Major corporations, including McDonald’s Corp., have recently announced their intention to move their offices from suburbs to city centers. McDonald’s cited an investment in their talent and growing closer to customers as reasons for the move, according to Chicago Sun-Times. And they aren’t alone. Many companies in recent years have opted to relocate their headquarters back into the city, as more workers express interest in urban living. In 2014, Nielsen’s data shows that U.S. city growth outpaced other areas for the first time since the 1920s.
“Increasingly, labor and considerations around talent are really what’s driving real estate decisions these days for all types of different operations,” said Mark Seeley, senior vice president of the labor analytics team at CBRE Group Inc., a commercial real estate company based in Los Angeles. Companies are being much more thoughtful than in the past about locations and how that can enable their ability to acquire talent. “Market conditions are forcing companies to be much more strategic,” Seeley said. “They can’t just assume that if they’re a large company with a great brand, they can just plop a building anywhere and they’re going to be able to get the applicant pools that they need.”
Here are six major considerations leaders should consider when relocating their firm’s offices.
1. Lead with labor.
Rather than a company defaulting to how they’ve always chosen a location, it’s best to think about various factors of the labor market in the areas under consideration, said Rob Marsh, executive vice president of the labor analytics team at CBRE Group. The four biggest factors are quality of skills the company is trying to attract, cost of those skills, supply of the workforce with those skills and demand or competition for them. It’s important to look at all of these, Marsh said, because if a business leader is only considering the supply and quality, but they ignore competition, that could lead to huge talent challenges.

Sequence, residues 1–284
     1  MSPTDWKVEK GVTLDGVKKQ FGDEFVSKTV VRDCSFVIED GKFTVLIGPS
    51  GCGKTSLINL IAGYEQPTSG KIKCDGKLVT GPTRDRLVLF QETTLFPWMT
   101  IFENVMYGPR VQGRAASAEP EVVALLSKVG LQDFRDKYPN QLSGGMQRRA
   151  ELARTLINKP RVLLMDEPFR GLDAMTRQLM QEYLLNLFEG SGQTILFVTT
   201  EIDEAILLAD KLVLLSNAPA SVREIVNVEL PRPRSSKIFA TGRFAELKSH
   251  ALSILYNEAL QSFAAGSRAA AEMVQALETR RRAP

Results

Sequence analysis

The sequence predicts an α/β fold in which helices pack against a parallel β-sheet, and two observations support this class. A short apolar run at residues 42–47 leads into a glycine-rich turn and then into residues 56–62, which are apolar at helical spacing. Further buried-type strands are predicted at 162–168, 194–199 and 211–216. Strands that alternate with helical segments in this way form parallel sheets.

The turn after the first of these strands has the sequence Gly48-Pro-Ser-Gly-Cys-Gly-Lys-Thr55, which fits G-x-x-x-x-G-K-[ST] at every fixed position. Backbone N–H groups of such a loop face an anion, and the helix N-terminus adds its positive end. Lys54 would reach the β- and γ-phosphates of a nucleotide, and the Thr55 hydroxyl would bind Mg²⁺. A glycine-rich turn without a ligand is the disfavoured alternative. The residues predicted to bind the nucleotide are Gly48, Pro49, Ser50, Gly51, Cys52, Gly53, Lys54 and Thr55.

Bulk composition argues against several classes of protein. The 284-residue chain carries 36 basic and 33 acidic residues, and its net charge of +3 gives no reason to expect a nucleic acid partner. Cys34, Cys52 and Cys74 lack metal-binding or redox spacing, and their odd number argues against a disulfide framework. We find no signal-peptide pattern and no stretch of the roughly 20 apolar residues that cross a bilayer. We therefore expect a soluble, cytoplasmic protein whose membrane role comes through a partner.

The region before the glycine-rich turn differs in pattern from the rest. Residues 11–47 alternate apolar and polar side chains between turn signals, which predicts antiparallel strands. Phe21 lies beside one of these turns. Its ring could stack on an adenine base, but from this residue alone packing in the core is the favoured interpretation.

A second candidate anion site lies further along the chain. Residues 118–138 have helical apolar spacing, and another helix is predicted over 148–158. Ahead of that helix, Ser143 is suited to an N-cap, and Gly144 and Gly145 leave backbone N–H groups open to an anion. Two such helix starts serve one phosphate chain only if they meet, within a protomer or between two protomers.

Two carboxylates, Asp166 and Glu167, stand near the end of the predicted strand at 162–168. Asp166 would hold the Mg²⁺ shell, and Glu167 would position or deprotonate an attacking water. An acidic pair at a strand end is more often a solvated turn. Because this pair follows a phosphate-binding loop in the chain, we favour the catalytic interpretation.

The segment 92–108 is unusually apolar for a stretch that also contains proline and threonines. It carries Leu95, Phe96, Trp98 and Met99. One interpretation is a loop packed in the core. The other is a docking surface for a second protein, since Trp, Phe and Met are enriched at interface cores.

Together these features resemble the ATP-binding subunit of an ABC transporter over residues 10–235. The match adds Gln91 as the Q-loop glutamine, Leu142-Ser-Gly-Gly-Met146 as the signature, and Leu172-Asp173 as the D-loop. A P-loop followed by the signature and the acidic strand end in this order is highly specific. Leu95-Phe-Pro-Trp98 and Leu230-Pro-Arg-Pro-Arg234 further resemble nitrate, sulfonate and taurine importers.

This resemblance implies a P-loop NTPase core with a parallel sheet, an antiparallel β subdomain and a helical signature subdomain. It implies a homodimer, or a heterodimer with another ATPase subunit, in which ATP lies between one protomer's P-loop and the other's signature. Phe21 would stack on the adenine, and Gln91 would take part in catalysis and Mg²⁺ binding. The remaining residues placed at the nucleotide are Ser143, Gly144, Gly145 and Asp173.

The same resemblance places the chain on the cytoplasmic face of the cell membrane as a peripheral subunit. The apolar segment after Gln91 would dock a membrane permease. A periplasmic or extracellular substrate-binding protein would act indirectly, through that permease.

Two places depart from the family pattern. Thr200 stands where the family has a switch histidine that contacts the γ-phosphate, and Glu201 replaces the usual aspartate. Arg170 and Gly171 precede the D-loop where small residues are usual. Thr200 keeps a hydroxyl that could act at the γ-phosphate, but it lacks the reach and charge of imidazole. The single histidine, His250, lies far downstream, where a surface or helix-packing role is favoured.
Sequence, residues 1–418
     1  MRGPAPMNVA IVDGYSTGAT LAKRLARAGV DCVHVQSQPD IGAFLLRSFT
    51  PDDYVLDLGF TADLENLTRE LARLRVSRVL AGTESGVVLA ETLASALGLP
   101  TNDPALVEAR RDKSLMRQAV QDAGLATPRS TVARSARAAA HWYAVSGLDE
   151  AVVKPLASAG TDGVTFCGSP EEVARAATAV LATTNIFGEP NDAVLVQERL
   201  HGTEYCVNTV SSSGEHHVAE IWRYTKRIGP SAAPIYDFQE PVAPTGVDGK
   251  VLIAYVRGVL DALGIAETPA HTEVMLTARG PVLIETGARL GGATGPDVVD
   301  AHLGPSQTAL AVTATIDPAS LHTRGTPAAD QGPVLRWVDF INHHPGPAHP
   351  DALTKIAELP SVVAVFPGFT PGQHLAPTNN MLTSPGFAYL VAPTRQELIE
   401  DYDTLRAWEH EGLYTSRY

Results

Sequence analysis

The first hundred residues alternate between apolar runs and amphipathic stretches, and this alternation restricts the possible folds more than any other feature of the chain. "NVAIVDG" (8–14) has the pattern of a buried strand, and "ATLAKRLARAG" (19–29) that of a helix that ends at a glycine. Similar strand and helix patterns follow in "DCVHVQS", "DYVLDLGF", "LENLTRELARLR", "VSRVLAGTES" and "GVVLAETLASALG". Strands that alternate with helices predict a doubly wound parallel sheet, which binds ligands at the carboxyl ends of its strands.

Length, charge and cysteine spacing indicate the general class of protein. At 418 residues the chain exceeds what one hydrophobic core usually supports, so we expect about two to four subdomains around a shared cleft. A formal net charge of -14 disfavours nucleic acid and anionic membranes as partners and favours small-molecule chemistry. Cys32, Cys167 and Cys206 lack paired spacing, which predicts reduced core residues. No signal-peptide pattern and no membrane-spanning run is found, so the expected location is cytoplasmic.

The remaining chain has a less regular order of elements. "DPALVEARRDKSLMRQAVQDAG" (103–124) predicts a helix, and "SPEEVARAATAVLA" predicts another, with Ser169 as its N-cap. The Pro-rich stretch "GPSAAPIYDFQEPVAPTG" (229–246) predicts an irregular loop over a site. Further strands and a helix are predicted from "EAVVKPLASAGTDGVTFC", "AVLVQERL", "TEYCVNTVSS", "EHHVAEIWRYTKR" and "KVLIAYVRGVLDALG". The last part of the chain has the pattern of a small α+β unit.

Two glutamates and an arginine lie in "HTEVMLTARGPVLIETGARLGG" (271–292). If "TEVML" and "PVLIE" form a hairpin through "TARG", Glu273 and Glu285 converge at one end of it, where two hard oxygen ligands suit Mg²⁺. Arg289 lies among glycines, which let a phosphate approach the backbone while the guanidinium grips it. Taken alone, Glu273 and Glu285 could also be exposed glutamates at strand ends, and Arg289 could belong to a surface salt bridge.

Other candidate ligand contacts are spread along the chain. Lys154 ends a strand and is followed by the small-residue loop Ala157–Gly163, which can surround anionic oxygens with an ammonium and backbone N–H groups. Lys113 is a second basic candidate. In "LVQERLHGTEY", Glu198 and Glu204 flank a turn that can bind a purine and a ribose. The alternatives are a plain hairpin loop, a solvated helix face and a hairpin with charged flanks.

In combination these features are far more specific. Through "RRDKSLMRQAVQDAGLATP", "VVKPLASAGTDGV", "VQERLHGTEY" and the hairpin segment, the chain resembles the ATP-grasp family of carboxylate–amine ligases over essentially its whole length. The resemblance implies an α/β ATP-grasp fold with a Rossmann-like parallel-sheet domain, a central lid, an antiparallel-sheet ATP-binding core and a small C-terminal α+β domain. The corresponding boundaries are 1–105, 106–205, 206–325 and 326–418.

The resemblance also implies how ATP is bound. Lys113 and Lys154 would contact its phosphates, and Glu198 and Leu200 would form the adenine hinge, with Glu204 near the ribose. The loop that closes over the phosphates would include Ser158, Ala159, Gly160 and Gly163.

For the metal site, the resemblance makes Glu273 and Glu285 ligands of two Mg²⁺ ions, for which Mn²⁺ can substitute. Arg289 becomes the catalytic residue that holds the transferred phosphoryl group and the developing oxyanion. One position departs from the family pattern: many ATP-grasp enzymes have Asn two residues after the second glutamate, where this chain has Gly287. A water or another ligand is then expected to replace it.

The ability to meet with talent is also important for recruiting needs, said Ron Loch, agency principal and managing director for Chicago at G&S Business Communications, a global public relations and marketing firm headquartered in New York City. In 2011, the company moved its greater Chicago-area offices from the northwest suburbs to the city. While in the suburbs, business leaders would have to take out significant parts of their day just to travel through poor traffic to attend professional development and networking events held in the city. “We felt like the importance of recruiting combined with just easier access to professional development and innovative discussions, moving to the city probably was in our best interests,” Loch said. Since the move, the company says it’s seen an increase in résumés and interests from highly qualified individuals, he added.
2. Consider culture.
Cities are rich in availability of museums and art, which tends to attract more creative talent — an asset for companies in creative fields. When G&S Business Communications moved, the company had greater access to this talent and the amenities they enjoy. “Culturally, and it’s not a hard cost and hard to put value on, but just the innovative, creative culture that you can create in an urban environment has tremendous value, as well,” Loch said.